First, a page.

Optic atrophy 1 mediates mitochondria remodeling and dopaminergic neurodegeneration linked to complex i deficiency

D Ramonet, C Perier, A Recasens, B Dehay, J Bové, V Costa, L Scorrano, M Vila
Cell Death Differ. 2012-08-03; 20(1): 77-85
DOI: 10.1038/cdd.2012.95

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Mitochondrial complex I dysfunction has long been associated with Parkinson’s
disease (PD). Recent evidence suggests that mitochondrial involvement in PD may
extend beyond a sole respiratory deficit and also include perturbations in
mitochondrial fusion/fission or ultrastructure. Whether and how alterations in
mitochondrial dynamics may relate to the known complex I defects in PD is
unclear. Optic atrophy 1 (OPA1), a dynamin-related GTPase of the inner
mitochondrial membrane, participates in mitochondrial fusion and apoptotic
mitochondrial cristae remodeling. Here we show that complex I inhibition by
parkinsonian neurotoxins leads to an oxidative-dependent disruption of OPA1
oligomeric complexes that normally keep mitochondrial cristae junctions tight. As
a consequence, affected mitochondria exhibit major structural abnormalities,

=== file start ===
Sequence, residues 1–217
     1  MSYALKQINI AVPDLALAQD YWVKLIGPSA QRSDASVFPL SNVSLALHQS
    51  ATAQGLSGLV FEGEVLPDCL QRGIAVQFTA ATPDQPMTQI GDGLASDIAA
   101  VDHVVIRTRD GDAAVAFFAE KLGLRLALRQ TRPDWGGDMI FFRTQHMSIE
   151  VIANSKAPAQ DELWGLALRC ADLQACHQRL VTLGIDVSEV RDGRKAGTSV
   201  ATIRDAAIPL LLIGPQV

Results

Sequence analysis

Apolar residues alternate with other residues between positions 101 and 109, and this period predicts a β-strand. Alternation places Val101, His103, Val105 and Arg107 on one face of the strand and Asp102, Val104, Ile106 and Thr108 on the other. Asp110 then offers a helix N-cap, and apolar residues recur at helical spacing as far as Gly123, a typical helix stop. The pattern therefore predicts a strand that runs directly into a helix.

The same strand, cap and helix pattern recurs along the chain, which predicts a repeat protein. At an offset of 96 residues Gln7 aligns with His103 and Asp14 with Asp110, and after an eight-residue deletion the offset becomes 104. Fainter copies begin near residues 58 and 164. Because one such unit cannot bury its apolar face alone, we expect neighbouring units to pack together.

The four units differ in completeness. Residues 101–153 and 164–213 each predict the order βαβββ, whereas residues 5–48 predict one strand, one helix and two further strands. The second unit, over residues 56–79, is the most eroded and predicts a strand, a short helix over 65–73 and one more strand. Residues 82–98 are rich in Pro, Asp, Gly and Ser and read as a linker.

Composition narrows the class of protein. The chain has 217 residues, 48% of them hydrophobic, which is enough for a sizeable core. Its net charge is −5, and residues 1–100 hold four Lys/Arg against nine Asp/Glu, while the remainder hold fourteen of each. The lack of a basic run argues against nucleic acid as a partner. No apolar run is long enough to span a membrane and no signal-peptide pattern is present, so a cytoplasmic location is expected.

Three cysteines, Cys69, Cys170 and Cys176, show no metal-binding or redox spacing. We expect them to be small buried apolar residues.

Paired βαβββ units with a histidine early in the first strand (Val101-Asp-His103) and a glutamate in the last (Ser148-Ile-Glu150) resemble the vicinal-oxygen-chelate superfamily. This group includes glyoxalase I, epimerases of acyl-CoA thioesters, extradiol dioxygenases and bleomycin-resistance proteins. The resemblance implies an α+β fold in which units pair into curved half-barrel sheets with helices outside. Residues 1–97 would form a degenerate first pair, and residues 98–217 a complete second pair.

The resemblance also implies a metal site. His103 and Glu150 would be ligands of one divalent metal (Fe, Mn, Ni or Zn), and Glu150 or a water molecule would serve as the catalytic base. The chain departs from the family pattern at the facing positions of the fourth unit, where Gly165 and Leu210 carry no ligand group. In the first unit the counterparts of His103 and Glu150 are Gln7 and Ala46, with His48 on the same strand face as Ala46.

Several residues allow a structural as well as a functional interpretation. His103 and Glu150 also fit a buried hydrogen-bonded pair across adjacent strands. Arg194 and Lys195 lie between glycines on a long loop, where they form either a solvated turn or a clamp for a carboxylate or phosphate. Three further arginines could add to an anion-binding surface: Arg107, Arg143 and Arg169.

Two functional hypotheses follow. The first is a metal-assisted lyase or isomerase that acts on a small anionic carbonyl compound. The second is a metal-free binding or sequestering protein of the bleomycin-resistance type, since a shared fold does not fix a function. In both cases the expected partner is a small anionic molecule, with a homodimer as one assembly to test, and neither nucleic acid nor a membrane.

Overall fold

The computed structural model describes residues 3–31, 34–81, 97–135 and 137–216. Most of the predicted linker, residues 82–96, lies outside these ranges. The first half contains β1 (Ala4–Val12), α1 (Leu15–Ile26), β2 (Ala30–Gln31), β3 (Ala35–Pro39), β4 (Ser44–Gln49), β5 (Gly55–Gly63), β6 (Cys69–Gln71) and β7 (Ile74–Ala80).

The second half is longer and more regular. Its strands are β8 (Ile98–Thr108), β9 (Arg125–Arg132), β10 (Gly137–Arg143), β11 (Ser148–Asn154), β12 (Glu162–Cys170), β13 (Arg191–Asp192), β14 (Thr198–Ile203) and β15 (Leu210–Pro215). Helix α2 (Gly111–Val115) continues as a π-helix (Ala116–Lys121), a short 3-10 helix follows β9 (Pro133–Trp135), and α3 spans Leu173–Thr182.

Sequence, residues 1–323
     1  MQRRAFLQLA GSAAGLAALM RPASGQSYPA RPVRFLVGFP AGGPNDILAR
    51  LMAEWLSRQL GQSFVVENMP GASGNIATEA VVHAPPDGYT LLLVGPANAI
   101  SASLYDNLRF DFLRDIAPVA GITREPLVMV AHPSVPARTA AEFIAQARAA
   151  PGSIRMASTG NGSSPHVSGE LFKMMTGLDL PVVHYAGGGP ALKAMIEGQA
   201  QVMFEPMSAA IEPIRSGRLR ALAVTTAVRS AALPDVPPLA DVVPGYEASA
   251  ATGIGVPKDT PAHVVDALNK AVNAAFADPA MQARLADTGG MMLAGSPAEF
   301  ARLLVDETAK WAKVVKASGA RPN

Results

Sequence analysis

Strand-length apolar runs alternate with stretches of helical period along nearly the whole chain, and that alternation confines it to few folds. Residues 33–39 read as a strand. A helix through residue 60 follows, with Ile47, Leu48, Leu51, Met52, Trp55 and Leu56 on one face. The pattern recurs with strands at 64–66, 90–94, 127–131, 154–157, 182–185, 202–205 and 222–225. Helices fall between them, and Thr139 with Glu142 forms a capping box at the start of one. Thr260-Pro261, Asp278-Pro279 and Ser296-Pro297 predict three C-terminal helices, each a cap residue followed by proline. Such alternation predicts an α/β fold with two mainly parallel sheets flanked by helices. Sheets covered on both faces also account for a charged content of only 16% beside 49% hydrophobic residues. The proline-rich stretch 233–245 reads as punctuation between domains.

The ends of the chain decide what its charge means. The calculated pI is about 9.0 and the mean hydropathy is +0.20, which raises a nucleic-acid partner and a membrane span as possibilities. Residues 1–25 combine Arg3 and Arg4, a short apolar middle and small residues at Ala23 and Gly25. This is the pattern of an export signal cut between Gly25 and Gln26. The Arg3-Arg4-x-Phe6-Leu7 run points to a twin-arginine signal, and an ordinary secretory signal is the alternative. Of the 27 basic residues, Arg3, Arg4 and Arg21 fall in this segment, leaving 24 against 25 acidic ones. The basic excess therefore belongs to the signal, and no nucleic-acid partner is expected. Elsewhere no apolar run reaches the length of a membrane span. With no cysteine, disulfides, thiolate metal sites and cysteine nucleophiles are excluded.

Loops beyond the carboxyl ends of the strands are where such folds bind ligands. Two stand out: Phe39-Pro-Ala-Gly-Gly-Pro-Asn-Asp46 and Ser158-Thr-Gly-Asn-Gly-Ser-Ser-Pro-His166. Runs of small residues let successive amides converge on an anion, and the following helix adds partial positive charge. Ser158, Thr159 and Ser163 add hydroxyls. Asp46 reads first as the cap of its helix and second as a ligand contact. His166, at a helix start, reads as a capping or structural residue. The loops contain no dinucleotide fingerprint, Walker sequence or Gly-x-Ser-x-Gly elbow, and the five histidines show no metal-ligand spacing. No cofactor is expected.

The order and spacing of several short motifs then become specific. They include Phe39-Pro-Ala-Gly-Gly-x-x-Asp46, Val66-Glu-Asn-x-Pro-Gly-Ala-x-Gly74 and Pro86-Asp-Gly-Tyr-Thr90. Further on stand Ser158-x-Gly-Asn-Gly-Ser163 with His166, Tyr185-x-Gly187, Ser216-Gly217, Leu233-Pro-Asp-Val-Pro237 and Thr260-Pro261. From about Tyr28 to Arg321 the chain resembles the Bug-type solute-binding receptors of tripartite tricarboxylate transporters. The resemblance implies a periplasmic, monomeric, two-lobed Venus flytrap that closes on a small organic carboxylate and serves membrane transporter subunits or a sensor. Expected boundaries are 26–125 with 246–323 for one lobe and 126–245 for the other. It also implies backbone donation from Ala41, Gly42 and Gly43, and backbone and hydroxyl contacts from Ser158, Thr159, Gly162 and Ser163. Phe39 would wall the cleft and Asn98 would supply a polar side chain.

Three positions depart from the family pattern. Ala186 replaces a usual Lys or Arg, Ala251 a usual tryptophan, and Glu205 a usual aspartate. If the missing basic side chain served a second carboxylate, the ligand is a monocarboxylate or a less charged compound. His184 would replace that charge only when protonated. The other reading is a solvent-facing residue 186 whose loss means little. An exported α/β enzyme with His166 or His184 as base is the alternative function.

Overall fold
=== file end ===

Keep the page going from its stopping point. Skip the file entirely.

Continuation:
including cristae disintegration, loss of matrix density and swelling. These
changes are not accompanied by mitochondrial fission but a mobilization of
cytochrome c from cristae to intermembrane space, thereby lowering the threshold
for activation of mitochondria-dependent apoptosis by cell death agonists in
compromised neurons. All these pathogenic changes, including mitochondrial
structural remodeling and dopaminergic neurodegeneration, are abrogated by OPA1
overexpression, both in vitro and in vivo. Our results identify OPA1 as molecular
link between complex I deficiency and alterations in mitochondrial dynamics
machinery and point to OPA1 as a novel therapeutic target for complex I
cytopathies, such as PD.

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